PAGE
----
Gambling and baseball – a big no-no, right? Of course. But somewhere in between the game’s most infamous betting scandal and Pete Rose, gambling allegations also were the likely culprit for a weird variation on two baseball cards in the W512 strip card set.
How? Read on.
W512 Strip Card Overview and Variations
The W512 strip card set features a total of 50 cards, minus the numerous variations found in the set. The color pictures of poorly-drawn ‘famous people’ (as Jefferson Burdick named the set in his American Card Catalog) were standard for your run-of-the-mill strip card set.
The W512 set was produced over several years with most attributing the set as a 1925-1927 issue. In addition to the baseball players, the set contains all sorts of other athletes from sports such as boxing, tennis, and golf. Other personalities are also included as the release contains a total of 20 actors and actresses that were sandwiched in between the athletes. Because the set was produced over several years, the makers opted to keep it up to date – a noble idea, of course.
The pictures on the cards remained the same but the printer updated some of the text, creating numerous variations, to reflect two main things. Regarding the baseball players, the cards were updated to include their new teams as they were traded or moved on to another franchise. Athletes in other sports had their titles changed as well with most reflecting when a champion lost a title. For example, boxer Jack Dempsey has a card calling him the Heavyweight Champion and one stating he is the ‘Ex-Heavyweight Champion.’
Of most note to collectors, however, are the baseball cards. And it’s there that we find a couple of puzzling variations.
Ty Cobb and Tris Speaker …
Hall of Famers Ty Cobb and Tris Speaker are both found in the set. As you would expect, they are two of the more desirable cards in the release. Cobb’s card, in fact, is likely second only to that of Babe Ruth.
Cobb and Speaker are two of the six baseball players with variations. But while the cards of others only noted their new teams, Cobb’s and Speaker’s have a strange designation. Cobb’s card calls him the ‘Ex-Mgr.’ of Detroit and Speaker’s says he is the ‘Ex-Mgr.’ of Cleveland.
Now, it’s not the manager designation that’s the problem. Both Cobb and Speaker were, in fact, player-managers as they managed the same club for which they played. No, the strange part is that their cards don’t actually list their new teams. That wouldn’t be an issue if both stopped playing after leaving their old franchises. But Cobb went on to play for two years in Philadelphia while Speaker continued his career in Washington, before ending up with Cobb in Philadelphia in 1928, which was ultimately the final year of their careers.
So what gives?
Well, the answer is that a gambling scandal was probably the reason for the odd designation.
… and Gambling
Both players retired from the game briefly after 1926. A real reason wasn’t given but since both were nearly 40, it made sense to some degree.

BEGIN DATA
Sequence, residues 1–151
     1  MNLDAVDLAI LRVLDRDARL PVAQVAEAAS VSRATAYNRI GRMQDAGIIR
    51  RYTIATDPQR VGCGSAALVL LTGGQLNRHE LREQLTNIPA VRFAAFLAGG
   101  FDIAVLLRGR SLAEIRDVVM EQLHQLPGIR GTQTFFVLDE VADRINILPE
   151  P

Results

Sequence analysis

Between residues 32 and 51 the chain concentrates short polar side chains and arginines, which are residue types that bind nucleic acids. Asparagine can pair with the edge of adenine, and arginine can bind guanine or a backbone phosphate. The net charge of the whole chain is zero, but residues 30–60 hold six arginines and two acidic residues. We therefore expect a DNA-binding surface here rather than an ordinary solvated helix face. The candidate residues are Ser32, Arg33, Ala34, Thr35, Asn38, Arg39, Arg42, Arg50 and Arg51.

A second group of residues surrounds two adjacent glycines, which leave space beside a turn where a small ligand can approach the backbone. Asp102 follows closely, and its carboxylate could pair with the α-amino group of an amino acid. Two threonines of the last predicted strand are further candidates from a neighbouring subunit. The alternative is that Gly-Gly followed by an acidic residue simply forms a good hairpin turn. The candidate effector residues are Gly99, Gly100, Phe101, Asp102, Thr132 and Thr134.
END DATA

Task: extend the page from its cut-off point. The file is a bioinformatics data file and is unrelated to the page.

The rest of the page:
Enter Dutch Leonard.
From 1913-1925, Leonard had a solid but unspectacular career in the majors with the Boston Red Sox and the Tigers as a pticher. Leonard was actually one of Cobb’s players and it turns out had some incriminating evidence about a gambling scandal. The former pitcher claimed that he, Cobb, Speaker, and Smoky Joe Wood had conspired to fix a Tigers-Indians game. All of a sudden, it became pretty clear why Cobb and Speaker were suddenly departing. This article lays it out in extensive detail, but in summary, Leonard had letters from Wood, and to a lesser extent, Cobb, discussing what appeared to be the fix.
In the end, while the letters appeared to back up Leonard’s claims, they were largely seen as loose pieces of evidence. The players, of course, denied the charges and the end basically came when Leonard refused to show up when challenged to confront them in Chicago. While American League president Ban Johnson announced his intentions to remove the players from major league baseball, commissioner Kennesaw Mountain Landis, reinstated the players and allowed them to play again, thus ending their unscheduled retirements.
Despite being cleared and still being capable players, Detroit and Cleveland essentially said that the players could take a hike and allowed them to go wherever they chose. Cobb went to Philadelphia and Speaker wound up in Washington.
As a result, however, the players’ fate was unknown for quite a while as Landis didn’t even clear the players to join another team until nearly February in 1927. That is important because if the batch of cards was printed anytime from their planned retirement until the new players signed after that time period, there was good reason to simply call them ‘Ex’ players with no new team designation. Leaving their former team names would have been incorrect and the printer couldn’t possibly have known where they would resurface.
With all of the other players’ cards indicating their new teams during the printing of this issue, the semi-retirement of Cobb and Speaker seems to be the only reasonable explanation for their strange variation.
You can check out W512 cards on eBay here.